Monday, February 29, 2016

LSSSE Upcoming Report

Below is a press release from Aaron Taylor, Director of LSSE, regarding the upcoming report release:

On March 7, the Law School Survey of Student Engagement (LSSSE) will release its latest annual results: How a Decade of Debt Changed the Law Student Experience.  The report analyzes law student debt trends during the 10-year period, 2006 to 2015.  The report also explores the nature and sources of law student stress. An advanced copy of the report is attached to this email.  [Editor's Note: Not included here in the Blog posting because incompatible with Typepad. Check your inbox to see if you got a press release email with a copy.]
According to Aaron N. Taylor, director of LSSSE and assistant professor of law at Saint Louis University School of Law:
“While we are all well aware that law student debt has increased significantly over the past decade, this year’s LSSSE annual results provide a nuanced view of these trends.  Both the extent of the increases and the uneven manner in which they have been distributed among students are concerning.  The data strongly suggest that while law school is more expensive across-the-board, the bulk of the increased costs is being born by students in the least favorable positions to incur them.”  
Noteworthy findings from the report include:
Overall Debt Trends:
Over the 10-year timeframe, increasing proportions of LSSSE respondents reported expecting high law school debt.  In 2006, 32% of respondents expected to incur more than $100,000 in debt during their law school matriculation.  In 2015, that proportion was 44%.  (Page 10)
Debt and Institutional Sector:
In 2006, only 11% of LSSSE respondents attending public law schools expected debt of more than $100,000; by 2015, this proportion had almost tripled to 31%.  Among private school respondents, the proportion increased from 38% in 2006 to 50% in 2015. (Page 11)
Debt and Race:
In 2006, there were only marginal racial and ethnic differences in expectations of more than $100,000 in debt.  By 2015, 61% of black respondents and 56% of Latino respondents expected debt at this level, compared to about 40% of white and Asian respondents.  (Page 12)
Debt and LSAT score:
In 2006, 16% of respondents with the LSAT scores of 155 or below expected to owe more than $120,000—the same proportion as those with higher LSAT scores.  By 2015, however, the proportion for the 155-or-below group was 37%, almost double the 20% proportion of the higher-LSAT group.  (Page 13)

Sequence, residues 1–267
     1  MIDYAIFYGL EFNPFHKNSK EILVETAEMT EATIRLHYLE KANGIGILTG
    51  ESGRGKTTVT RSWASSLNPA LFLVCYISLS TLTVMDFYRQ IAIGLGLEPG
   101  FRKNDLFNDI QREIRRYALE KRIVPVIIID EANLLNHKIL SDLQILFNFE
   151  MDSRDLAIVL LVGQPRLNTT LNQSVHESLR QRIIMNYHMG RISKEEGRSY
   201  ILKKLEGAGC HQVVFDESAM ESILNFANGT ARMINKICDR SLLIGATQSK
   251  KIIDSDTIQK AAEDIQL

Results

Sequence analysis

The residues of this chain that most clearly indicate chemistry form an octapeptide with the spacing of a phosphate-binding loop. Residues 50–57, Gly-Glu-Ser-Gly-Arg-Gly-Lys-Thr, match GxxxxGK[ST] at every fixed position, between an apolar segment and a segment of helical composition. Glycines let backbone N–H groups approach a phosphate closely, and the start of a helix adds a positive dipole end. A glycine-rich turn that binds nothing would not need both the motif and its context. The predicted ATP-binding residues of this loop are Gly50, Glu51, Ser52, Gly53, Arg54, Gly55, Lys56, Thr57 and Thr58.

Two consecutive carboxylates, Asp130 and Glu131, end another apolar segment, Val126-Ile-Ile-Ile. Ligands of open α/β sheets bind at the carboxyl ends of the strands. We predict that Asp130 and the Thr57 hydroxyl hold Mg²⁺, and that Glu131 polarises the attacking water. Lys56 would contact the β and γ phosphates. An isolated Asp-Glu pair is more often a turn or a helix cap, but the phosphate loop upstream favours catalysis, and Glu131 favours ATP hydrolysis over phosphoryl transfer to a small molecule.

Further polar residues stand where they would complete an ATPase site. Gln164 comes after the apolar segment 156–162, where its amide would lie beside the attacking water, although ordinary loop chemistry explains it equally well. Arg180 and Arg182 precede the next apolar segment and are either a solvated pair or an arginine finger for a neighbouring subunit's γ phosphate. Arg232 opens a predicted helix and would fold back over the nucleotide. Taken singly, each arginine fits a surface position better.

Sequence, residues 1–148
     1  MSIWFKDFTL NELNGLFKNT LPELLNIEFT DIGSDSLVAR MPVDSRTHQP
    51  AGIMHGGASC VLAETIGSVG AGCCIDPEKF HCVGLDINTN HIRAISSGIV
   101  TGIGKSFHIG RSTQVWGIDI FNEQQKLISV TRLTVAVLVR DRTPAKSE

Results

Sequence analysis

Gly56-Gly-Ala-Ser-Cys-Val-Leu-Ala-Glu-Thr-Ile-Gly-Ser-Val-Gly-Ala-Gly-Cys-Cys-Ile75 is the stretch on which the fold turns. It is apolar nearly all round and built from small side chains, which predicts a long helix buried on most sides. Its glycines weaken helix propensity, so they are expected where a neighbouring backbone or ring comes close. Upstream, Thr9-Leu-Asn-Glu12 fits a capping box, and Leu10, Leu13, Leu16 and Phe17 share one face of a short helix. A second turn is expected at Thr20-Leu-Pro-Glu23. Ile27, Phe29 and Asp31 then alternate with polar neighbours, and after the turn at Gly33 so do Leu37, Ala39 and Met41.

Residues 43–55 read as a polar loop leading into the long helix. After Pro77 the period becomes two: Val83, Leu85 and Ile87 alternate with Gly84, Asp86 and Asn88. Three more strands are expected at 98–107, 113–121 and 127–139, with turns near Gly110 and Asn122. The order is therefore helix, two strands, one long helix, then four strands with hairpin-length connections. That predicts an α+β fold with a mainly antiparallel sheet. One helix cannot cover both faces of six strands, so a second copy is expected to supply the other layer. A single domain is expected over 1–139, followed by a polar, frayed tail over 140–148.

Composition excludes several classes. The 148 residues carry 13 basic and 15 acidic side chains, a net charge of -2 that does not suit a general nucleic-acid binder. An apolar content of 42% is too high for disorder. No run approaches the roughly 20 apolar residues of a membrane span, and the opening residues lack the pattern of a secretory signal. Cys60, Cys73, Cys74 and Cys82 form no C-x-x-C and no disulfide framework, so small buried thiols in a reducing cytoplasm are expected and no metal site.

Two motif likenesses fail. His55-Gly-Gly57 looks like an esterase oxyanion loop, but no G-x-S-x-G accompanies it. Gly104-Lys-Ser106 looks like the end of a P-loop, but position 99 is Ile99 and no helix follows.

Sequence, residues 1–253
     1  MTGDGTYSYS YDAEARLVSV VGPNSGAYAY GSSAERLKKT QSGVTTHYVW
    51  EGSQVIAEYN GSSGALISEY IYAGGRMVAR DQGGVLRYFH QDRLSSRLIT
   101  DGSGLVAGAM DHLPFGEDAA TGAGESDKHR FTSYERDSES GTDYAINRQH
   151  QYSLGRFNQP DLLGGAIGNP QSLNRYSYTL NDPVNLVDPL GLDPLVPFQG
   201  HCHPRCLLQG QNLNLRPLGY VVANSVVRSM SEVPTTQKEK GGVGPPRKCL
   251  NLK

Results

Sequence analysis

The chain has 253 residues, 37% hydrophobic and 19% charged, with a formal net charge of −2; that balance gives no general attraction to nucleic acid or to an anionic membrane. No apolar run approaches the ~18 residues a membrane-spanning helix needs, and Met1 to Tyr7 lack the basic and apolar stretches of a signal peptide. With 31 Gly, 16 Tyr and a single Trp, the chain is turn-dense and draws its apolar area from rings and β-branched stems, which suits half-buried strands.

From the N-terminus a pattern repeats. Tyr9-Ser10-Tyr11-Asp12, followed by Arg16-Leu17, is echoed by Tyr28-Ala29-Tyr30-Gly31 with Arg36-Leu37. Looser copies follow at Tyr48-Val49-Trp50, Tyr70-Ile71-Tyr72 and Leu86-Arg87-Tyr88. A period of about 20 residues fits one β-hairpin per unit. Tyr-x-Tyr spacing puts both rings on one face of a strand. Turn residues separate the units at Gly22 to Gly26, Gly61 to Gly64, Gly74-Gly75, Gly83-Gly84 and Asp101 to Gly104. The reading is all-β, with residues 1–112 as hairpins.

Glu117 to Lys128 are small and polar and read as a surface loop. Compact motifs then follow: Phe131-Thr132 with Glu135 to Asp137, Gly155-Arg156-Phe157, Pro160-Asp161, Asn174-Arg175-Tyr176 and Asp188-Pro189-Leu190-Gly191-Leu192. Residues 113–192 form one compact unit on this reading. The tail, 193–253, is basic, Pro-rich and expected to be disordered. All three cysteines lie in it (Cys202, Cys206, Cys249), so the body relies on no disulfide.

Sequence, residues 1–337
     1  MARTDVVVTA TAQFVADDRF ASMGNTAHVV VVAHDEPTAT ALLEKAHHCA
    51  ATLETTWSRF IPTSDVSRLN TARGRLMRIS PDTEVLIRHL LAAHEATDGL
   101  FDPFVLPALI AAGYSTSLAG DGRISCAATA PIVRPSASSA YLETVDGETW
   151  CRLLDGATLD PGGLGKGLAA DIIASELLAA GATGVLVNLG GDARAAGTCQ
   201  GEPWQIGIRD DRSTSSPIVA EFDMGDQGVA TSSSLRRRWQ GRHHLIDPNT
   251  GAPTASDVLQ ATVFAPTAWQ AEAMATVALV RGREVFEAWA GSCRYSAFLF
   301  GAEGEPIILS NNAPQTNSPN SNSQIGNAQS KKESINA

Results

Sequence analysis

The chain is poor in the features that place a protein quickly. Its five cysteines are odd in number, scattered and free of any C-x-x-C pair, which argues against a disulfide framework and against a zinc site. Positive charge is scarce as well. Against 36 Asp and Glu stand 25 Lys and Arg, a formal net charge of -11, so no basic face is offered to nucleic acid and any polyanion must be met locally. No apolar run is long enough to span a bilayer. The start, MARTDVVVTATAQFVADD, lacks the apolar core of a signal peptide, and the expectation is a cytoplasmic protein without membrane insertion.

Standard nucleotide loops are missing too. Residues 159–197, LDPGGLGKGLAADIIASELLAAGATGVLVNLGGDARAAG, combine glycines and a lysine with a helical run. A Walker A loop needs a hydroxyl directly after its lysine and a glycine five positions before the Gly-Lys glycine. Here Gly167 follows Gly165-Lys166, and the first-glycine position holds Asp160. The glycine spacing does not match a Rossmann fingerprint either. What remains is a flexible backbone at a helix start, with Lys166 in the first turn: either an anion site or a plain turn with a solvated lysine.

Debt and Satisfaction:
In each survey year, respondents who expected to owe more than $120,000 were noticeably less likely to respond favorably to LSSSE satisfaction questions.  In 2015, 79% of these respondents had favorable views of their law school experiences, compared to 88% of those expecting no debt. 
In 2015, 74% of respondents who expected to owe more than $120,000 stated they would attend the same law school again, compared to 87% of those expecting no debt.  This 13-percentage point difference was the largest among the survey years. (Page 15)
Law Student Stress:
About three-quarters of respondents reported that concerns about academic performance and academic workload were sources of high stress and anxiety.  More than half of respondents indicated that concerns about job prospects and finances (including student debt) were sources of high stress and anxiety.  (Page 17)
Higher expected debt was associated with higher stress and anxiety.  More than half of respondents who expected to owe more than $80,000 reported experiencing high levels of stress or anxiety during the school year, compared to 41% of those who expected no debt.  (Page 19)
In 2015, 70% of respondents who expected to owe more than $120,000 reported high levels of stress relating to finances and student loans, compared to only 9% of respondents expecting no debt.  (Page 19)
How a Decade of Debt Changed the Law Student Experience will be available for download on March 7 at http://lssse.indiana.edu/.  Questions and media requests should be forwarded to Aaron N. Taylor at ataylo65@slu.edu.
 
 
Aaron N. Taylor 
Assistant Professor of Law
Saint Louis University School of Law
Director, Law School Survey of Student Engagement (LSSSE)
Indiana University Center for Postsecondary Research

100 N. Tucker | Suite 950 | Saint Louis, MO 63101 

https://lawprofessors.typepad.com/academic_support/2016/02/lssse-upcoming-report-.html

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